The death of Ian Tomlinson in 2009 and the destructiveness of the English Riots in 2011 brought unprecedented coverage to public order police (POP) strategies and tactics. These events signalled a watershed in POP management that inferred greater responsibility and stronger leadership. In these high stake environments senior officers have to manage multiple dynamics. In addition to managing crowds, commanders have to consider external culpability and alleviate concerns from junior officers. Effective communication with officers and other external parties could potentially negate troublesome situations. The research presented in this paper investigates communicative instructions delivered by commanding officers at a small number of POP events. It identifies instances of how leadership is communicated and how accountable situations are managed. A micro-level discourse analysis was used to analyse the data. This approach evaluates discursive linguistic categories that interlocutors use ‘to perform actions and functions, such as blame, accuse, defend, justify, rationalise and achieve argumentative ends’ [Lyons et al. 2011. It’s not really discriminating against immigrants, it’s more telling people how to fit in. Constructing the nation in Immigration Talk in New Zealand. Journal of community and applied social psychology, 21 (1), 14–27, p. 17]. The findings suggest that some commanders use a range of linguistic resources when articulating leadership and managing accountable situations. The authors concede that the scope in this analysis is limited but are hopeful that research of this kind will act as a catalyst for further investigation.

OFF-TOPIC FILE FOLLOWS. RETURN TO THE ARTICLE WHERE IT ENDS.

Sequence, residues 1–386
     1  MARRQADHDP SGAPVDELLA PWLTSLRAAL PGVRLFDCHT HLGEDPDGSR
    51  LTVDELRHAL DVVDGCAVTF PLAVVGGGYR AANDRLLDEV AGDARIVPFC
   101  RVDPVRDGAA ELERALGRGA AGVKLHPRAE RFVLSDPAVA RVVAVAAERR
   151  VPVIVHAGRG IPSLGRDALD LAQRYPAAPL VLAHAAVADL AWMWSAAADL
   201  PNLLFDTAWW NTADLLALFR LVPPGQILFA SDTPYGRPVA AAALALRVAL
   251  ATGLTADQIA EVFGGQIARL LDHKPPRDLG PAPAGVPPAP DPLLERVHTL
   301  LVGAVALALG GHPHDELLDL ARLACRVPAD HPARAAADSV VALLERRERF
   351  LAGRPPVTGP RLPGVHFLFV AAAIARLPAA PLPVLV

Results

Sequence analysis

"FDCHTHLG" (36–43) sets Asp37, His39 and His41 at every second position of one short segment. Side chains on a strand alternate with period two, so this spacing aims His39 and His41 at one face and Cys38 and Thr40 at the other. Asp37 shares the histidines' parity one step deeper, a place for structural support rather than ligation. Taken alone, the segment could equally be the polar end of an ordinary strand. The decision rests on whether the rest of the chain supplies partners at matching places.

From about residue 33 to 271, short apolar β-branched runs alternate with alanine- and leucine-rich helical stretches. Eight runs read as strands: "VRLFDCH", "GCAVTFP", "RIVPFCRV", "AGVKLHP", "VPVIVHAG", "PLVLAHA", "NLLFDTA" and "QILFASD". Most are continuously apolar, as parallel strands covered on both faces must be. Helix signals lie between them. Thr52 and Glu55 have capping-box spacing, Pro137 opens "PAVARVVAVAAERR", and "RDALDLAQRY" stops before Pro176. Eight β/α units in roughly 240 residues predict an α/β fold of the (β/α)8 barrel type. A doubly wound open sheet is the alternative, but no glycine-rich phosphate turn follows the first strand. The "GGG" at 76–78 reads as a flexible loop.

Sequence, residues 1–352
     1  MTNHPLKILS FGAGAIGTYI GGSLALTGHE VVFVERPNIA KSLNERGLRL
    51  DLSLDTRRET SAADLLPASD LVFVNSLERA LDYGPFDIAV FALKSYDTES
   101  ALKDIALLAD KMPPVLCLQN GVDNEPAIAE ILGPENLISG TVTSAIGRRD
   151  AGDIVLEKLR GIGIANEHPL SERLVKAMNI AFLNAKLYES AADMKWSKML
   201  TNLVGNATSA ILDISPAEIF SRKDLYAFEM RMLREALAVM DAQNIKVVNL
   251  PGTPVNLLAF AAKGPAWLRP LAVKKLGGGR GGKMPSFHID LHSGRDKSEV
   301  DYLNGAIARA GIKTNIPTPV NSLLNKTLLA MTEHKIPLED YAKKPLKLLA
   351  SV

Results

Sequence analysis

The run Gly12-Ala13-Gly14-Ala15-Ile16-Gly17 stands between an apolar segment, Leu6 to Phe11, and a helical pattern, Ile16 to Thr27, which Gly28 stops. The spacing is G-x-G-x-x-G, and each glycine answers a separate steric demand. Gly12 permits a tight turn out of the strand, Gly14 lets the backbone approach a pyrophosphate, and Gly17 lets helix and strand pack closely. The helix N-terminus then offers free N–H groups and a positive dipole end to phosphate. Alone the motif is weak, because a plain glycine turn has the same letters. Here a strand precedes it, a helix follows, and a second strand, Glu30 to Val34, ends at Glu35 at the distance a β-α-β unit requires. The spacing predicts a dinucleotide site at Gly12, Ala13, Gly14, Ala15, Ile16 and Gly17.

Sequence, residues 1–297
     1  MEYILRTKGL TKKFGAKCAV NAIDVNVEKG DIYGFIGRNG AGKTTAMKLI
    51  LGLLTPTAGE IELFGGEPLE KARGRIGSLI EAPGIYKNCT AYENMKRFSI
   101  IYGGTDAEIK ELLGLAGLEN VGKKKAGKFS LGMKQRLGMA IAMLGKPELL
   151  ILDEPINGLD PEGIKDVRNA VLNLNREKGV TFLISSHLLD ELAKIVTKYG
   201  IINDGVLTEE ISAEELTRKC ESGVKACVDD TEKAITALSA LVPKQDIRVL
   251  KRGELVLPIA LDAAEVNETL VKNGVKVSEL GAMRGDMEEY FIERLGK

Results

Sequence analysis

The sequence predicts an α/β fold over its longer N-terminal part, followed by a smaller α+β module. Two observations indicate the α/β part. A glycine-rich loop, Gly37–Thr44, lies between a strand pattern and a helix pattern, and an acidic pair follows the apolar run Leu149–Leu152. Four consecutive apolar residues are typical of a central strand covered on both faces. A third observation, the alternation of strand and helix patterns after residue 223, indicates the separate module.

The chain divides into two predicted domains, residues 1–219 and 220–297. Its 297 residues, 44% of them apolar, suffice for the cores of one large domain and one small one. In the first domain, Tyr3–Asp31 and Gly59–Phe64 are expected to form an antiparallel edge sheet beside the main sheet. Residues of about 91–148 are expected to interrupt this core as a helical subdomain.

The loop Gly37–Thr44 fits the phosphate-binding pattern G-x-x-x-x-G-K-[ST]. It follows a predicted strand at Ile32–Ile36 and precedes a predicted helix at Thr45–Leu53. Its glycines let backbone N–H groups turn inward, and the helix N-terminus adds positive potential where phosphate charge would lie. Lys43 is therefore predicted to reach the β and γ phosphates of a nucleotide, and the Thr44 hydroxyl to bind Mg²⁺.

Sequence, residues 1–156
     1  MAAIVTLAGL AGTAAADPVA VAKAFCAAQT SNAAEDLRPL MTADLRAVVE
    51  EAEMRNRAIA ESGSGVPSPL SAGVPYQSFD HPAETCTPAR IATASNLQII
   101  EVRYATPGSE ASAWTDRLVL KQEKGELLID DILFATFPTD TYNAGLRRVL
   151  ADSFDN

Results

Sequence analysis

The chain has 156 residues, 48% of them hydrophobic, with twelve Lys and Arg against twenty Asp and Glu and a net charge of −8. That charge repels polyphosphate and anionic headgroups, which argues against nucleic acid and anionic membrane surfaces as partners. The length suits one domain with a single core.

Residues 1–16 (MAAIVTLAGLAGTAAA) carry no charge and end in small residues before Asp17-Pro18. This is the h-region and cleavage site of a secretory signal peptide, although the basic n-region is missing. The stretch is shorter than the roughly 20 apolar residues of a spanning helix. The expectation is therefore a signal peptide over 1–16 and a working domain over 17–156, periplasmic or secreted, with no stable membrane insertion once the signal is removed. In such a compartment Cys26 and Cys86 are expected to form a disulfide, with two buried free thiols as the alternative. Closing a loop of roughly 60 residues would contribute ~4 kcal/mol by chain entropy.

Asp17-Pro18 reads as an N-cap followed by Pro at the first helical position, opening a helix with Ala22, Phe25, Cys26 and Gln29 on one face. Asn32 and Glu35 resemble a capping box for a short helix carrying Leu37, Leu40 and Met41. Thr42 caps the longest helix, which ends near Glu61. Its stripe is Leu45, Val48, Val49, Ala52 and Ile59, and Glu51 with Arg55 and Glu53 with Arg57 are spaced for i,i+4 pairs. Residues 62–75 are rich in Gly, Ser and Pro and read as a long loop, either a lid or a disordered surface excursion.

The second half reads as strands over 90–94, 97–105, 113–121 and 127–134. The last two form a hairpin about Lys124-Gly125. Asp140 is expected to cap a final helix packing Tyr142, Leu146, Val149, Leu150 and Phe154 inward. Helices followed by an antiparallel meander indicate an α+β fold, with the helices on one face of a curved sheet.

|Nifer y tudalennau||17|
|Cyfnodolyn||Policing and Society: An International Journal of Research and Policy|
|Dyddiad ar-lein cynnar||4 Ebrill 2016|
|Dynodwyr Gwrthrych Digidol (DOIs)|
|Statws||Cyhoeddwyd - 2018|